Several publications were responsible for the shock waves that ran through the GIScience community in the early 1990s, including the exchanges between Openshaw, Taylor, and Overton (Openshaw 1991, 1992; Taylor and Overton 1991), Jordan's comment that GIS was "easily justified but non-intellectual expertise" (Jordan 1988), and Smith's essay on the military roots of GIS (Smith 1992), but none brought them all together better than the book assembled and edited by Pickles (1995). Like many others, my initial inclination was to respond to the critiques by defending and counter-attacking, and at Luc Anselin's urging I made an early effort to reply to Taylor's critique (Goodchild 1991, Taylor 1990). But an invitation from Pickles to write a chapter for his book (Goodchild 1995) was the first indication, to me at least, that a constructive dialog was more likely to help the cause of GIScience, and that the critiques were going to have a lasting impact -GIScience would never again be quite the comfortable retreat for the technically minded that it had been in the past. Ground Truth had many dimensions, and many more have been added through the publications, conferences, and presentations in the years since it appeared. The four papers in this collection address four of them, but there are many more, and I would like in this commentary both to offer my own thoughts on the four papers, and also to address other issues that stem from the early critiques and continue to demand the attention of GIScience. I would also like to comment on the need for new studies of the impacts of emerging technologies, particularly Google Earth and RFID (Radio Frequency Identification).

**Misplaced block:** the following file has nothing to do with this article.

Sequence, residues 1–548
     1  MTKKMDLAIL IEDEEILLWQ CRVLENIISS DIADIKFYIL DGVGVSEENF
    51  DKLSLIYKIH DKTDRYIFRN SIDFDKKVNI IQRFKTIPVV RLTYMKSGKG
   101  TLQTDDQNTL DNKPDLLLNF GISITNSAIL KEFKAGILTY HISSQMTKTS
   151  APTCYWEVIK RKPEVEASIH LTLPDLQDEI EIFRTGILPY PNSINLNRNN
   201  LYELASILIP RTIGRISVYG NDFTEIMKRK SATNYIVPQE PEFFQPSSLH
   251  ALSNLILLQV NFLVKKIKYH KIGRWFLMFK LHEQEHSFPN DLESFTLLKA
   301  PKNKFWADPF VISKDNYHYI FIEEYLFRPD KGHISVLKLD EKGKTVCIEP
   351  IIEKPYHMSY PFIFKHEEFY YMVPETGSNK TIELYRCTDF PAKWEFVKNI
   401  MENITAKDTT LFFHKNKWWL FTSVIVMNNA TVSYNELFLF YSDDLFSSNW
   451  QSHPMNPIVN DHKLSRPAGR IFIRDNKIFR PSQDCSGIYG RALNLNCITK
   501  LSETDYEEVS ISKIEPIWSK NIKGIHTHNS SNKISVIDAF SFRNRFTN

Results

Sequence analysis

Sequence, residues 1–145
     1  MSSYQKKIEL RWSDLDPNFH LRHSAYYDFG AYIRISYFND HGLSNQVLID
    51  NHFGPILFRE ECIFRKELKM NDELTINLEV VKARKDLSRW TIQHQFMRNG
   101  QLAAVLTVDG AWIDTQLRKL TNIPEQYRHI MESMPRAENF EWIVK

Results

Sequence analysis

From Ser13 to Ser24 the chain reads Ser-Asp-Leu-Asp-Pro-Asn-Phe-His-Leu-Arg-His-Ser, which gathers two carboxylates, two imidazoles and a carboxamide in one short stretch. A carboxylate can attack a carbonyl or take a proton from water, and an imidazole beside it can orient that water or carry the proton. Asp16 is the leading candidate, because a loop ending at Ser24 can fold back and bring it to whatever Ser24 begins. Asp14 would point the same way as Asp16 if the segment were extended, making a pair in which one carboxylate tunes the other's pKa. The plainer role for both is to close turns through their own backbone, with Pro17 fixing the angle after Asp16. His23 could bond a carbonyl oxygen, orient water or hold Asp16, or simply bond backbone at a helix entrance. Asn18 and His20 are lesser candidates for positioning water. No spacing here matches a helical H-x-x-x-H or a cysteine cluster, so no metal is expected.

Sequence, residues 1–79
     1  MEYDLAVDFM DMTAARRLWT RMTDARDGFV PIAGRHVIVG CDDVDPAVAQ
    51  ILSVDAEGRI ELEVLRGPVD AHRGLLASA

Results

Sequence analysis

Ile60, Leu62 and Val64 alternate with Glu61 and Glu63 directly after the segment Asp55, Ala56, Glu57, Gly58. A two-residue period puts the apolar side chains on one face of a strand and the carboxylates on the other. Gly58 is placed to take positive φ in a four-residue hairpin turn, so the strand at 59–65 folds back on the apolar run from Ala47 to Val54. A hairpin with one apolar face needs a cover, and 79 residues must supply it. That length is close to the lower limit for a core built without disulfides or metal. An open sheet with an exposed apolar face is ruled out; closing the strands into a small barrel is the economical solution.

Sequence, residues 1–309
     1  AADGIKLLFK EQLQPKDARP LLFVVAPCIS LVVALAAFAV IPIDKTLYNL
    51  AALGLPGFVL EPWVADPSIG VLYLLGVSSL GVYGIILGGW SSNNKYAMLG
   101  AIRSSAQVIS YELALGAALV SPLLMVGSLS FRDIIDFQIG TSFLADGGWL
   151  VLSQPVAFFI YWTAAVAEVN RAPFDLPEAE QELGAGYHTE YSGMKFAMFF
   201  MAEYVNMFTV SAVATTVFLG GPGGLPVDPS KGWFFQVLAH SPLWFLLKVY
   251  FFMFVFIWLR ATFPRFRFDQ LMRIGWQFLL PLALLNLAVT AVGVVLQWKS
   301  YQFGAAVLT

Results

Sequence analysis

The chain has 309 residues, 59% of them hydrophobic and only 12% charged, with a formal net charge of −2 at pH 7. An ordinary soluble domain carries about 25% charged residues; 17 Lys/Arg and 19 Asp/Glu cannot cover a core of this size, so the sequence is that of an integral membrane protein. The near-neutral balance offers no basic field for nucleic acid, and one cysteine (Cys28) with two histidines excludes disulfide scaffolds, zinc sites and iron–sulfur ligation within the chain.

ASJC Scopus subject areas
- Earth and Planetary Sciences(all)